There are many "important" reports that are released during the course of the month: The Jobs Report, The Retail (MARTS) report, The Consumer Price Index (CPI) Report, and the Housing Data, new and existing homes, are the "most" important. Jobs beget sales, retail or housing. This column has addressed the housing data on a regular basis, in part because this author was a Realtor for fifteen years, and in part because it is that important. Last year our sales were better than we had seen for nearly a decade. The problem is that the data with which they were comparing it was some of the worst seen since 1975. December 's New Construction Data was lackluster. December's Existing Home data was flat. December's New Home Sales was non-plus. The new home data is stuck in the 1980s and 1990s. The existing home data has barely returned to the early 2000s. None of the data is back to pre-recession levels.
New Home Starts were better than 2008-2016, Worse than 1992-2007. One month does not make a trend. We are starting off better than we have during the past few years, so we could sell more units than we sold during the past eight years. We need starts to get the under construction data. We need under construction data to get to completions. We need completions to get to sales. We need jobs to get to sales. The data that is often discussed is the annualized data. This is the what if we grow at the pace we have been growing number.The rolling year data is better than we saw during 1983. It is also slower than every year between January 1984 and January 2008.
New Homes Under Construction Continue to Soar - Not Quite Back to 2002. This column has raised a question as to whether or not we are in a state of oversupply? If we are in oversupply then the average sales price may fall. There is some flexibility in new home prices. Upgrades may fade. Whatever the situation - we are not back to the under construction levels seen during the mid-1980s or early 2000s. This data is pretty much a rolling year graph. It also looks very similar to the starts histogram and the completions graphs.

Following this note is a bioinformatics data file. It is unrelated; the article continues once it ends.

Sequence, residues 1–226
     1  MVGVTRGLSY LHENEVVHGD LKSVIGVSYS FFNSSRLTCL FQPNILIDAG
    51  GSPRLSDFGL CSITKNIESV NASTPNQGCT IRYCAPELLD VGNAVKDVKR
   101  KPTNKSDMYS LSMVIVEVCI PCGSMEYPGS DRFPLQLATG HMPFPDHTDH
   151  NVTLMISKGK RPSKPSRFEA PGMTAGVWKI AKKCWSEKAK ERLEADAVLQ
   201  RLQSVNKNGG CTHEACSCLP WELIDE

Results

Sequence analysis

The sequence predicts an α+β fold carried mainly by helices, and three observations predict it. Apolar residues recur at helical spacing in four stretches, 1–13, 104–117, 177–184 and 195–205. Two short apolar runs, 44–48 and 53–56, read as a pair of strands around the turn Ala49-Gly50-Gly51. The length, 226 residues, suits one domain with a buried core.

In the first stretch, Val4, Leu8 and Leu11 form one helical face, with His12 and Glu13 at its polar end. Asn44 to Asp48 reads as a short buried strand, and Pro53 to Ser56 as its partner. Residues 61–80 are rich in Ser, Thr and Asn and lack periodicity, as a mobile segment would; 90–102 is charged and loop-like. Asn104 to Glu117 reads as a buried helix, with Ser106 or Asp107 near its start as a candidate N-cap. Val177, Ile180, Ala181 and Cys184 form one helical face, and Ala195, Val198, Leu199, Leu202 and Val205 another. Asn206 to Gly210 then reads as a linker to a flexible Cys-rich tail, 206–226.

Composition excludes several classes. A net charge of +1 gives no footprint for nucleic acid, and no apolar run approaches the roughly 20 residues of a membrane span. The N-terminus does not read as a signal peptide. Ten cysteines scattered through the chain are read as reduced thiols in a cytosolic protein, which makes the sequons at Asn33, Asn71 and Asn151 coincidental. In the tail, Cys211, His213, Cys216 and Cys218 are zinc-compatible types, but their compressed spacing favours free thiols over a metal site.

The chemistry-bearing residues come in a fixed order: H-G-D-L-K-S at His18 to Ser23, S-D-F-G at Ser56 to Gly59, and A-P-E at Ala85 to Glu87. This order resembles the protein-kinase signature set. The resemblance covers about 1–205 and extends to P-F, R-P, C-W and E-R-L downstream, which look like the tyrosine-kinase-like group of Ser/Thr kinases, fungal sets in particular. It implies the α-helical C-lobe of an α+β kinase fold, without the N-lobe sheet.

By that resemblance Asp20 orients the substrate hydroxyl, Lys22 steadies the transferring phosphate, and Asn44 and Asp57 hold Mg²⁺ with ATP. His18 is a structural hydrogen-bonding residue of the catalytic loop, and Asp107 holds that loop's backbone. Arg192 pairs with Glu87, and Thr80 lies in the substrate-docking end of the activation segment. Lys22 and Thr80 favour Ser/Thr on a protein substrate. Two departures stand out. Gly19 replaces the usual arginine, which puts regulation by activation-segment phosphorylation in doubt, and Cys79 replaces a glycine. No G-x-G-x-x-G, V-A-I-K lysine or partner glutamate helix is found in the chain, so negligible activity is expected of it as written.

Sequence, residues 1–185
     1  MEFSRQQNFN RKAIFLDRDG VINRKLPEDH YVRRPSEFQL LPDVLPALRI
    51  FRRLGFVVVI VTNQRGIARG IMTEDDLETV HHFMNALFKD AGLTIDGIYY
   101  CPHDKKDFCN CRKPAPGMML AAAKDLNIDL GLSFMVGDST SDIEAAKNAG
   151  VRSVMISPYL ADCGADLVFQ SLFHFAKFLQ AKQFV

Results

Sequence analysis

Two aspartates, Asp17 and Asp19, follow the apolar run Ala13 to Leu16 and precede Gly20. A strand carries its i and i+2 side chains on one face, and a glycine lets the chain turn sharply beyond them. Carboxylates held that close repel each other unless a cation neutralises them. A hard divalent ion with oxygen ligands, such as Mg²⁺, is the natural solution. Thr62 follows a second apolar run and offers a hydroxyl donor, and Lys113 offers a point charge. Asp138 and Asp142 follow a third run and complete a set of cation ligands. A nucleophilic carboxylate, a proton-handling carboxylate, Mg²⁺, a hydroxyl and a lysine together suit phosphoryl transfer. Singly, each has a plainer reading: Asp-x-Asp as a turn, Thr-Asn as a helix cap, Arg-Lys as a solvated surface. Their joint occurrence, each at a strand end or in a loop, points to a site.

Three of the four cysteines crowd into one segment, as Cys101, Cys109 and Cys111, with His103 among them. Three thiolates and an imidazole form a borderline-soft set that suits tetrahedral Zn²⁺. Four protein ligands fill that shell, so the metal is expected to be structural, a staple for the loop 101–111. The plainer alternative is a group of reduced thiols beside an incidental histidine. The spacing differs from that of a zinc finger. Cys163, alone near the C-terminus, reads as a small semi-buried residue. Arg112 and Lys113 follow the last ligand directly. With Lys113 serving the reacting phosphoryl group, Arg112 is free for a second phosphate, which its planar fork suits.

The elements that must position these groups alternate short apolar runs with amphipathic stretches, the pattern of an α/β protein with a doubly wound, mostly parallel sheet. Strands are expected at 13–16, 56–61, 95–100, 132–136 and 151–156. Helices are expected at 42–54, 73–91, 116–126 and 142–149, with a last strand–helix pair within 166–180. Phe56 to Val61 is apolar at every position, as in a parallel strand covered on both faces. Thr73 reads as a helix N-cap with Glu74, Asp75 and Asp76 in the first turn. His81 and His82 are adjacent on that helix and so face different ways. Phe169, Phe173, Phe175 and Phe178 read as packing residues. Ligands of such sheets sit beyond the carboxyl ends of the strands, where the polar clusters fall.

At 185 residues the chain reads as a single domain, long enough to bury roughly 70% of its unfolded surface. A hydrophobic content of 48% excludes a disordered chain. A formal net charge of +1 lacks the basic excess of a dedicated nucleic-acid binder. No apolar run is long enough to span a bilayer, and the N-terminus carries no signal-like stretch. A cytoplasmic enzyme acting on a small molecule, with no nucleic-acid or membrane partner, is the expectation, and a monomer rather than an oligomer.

January Completions were Down from January 2016, Slower than 1975 through 2007. Once again, one month does not make a trend. We are in recovery mode since the depth of the recession. If we were in a classroom the past few years would have been "Fs" and "incompletes." The question is do we have years of recovery or decades of recovery still ahead of us. The Rolling Year Completions are Pathetic. We are seeing fewer completions than we saw during 1984 to 2009.
The data is the data. The two tables at the end of this column reveal the 13-month trend as well as the recent revisions to the data. This data set, as well as others, have advance numbers, preliminary numbers, and "final" numbers. Those final numbers may receive later revisions.The November starts and completions data were revised downward. The December completions number was revised downward. Slower completions may mean slower future sales. Remember that completions were comparable to 2016, so we may see that pace continue with regard to sales. Construction jobs are not back to pre-recession levels. We may see improving sentiment through construction hires, or fires, before we see the data in the new construction data or new home sales data.
It's the economy.
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